If you're a fan of classic puzzle adventure games like Myst, then a new entry to the Play Store called Forever Lost should pique your interests. Like many games in the genre, Forever Lost tosses you – a confused amnesiac – into a room riddled with clues, and coats everything in layers and layers of creepiness. Expect memory flashbacks, strange visions, and a whole lot more as you embark on the journey to get your mind back in its former order.
To go along with its haunting environment, FL features an equally as eerie soundtrack, which really helps set the tone of the game.
It's surprisingly hard to make a mobile game, or at least, a mobile game that's worth playing. Mobile developers are still in their infancy, at least compared with their console and PC counterparts. So when someone manages to release a fun, polished game that works well on smartphones and avoids some of the more glaring pitfalls of the platform, we sit up and take notice. Such is the case with Roller Rally: Snake Pass, an Android port of a popular iOS title from MilkyTea.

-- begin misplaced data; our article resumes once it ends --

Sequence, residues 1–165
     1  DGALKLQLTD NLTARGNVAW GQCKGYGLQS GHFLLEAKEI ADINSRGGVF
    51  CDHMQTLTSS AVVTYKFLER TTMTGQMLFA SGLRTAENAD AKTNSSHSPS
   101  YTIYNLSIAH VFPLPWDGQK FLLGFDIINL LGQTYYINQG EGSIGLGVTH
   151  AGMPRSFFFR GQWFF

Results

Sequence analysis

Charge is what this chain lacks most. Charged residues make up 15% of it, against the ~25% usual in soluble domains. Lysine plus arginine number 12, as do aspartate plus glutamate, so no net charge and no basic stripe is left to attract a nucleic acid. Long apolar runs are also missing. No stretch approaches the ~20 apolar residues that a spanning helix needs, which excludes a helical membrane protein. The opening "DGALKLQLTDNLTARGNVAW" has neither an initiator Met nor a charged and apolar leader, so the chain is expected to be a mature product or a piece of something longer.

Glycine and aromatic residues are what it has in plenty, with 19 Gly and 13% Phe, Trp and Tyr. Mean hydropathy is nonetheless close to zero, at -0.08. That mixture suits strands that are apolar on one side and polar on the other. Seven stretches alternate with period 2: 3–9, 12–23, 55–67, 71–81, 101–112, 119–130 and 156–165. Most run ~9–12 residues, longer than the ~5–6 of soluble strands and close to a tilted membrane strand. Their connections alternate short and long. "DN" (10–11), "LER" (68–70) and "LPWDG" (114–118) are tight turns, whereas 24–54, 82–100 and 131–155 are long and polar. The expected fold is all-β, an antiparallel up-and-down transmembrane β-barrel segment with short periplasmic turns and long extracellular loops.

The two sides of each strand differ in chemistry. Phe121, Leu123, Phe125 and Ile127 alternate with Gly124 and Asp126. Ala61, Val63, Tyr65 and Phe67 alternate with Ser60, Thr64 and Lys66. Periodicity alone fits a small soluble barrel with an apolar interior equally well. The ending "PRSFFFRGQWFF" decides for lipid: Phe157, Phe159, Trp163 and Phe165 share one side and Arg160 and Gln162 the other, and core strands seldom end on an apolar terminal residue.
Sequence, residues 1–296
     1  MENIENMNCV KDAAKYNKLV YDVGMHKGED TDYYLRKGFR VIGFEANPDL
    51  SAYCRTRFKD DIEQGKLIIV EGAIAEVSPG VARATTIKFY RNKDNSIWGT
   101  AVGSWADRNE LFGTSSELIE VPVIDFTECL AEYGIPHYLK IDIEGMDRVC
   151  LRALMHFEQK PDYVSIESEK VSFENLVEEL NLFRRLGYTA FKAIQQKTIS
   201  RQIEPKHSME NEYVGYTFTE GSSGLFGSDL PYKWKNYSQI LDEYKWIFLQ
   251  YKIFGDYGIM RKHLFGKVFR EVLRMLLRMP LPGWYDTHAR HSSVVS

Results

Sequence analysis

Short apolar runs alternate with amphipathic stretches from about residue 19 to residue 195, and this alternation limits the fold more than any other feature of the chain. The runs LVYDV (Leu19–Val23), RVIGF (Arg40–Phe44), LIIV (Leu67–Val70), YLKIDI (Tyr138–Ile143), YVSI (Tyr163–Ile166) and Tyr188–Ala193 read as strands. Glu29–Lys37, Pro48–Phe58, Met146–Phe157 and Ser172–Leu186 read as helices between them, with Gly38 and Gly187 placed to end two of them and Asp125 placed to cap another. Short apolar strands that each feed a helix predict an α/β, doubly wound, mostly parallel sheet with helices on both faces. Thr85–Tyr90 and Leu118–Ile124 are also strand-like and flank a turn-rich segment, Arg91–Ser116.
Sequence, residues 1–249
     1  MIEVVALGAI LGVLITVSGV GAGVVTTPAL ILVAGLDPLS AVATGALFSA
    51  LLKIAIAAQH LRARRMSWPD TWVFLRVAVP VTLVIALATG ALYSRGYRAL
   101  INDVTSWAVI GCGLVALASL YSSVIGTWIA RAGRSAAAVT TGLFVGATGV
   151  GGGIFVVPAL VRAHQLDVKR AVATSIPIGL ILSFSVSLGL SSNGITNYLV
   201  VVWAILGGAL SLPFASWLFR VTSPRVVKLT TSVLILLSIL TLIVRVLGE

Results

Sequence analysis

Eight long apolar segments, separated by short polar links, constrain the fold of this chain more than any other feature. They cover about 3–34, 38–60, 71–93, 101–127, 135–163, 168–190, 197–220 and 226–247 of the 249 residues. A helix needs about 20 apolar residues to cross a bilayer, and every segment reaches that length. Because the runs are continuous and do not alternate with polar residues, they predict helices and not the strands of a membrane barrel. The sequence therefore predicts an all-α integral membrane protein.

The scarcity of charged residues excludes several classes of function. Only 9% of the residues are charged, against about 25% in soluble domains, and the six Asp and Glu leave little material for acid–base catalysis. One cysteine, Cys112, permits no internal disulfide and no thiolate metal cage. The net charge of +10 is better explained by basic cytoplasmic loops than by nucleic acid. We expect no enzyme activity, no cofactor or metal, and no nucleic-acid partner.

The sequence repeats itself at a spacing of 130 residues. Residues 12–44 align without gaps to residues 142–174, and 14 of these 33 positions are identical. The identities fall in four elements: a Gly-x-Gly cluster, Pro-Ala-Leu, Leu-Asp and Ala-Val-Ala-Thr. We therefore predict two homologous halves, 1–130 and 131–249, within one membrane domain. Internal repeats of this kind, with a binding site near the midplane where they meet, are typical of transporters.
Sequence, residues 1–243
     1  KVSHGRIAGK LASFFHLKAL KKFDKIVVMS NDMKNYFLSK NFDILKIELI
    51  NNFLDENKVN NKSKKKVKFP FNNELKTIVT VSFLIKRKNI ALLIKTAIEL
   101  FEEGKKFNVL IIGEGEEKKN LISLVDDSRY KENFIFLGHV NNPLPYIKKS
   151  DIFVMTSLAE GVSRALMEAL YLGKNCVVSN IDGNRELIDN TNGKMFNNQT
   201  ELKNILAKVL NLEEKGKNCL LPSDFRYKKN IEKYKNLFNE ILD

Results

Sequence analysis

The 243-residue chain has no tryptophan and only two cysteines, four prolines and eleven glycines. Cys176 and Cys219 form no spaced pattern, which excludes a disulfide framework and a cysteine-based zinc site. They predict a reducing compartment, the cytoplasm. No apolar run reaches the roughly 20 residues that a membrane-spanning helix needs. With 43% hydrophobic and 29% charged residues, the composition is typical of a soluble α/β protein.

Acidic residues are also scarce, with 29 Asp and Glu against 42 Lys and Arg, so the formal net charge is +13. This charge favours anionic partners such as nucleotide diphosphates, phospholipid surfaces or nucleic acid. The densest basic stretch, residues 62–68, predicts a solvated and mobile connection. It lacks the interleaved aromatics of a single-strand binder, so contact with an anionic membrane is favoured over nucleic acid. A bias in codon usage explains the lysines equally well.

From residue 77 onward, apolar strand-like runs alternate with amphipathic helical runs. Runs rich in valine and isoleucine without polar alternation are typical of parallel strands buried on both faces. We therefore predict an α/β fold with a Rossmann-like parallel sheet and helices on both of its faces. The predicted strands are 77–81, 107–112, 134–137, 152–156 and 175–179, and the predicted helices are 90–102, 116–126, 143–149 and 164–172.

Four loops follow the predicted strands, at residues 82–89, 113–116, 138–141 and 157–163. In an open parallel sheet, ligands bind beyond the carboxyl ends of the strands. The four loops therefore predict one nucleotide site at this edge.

The premise of Roller Rally is simple. Four animals are in a roller-skating race down a mountain, and the first one across the finish line wins.
We're all eagerly awaiting the arrival of the Ouya and the one question we need to have answered is whether or not the platform will be able to acquire enough interesting games to be worthwhile. One of the ways the company is generating interest and content is with a 10-day developer competition. Keeping in mind that the entire programming process occurred in a little more than a week (and in some cases, less than that) and all the titles are unfinished, here's a look at some of the games that may end up on the console.
This might just be one of the most visually-polished games to come out so far.
Activision has invited players to "say Hello to the BIG BALLS" (emphasis not added, we promise) with Wipeout, the Pitfall maker's latest entry into the Play Store.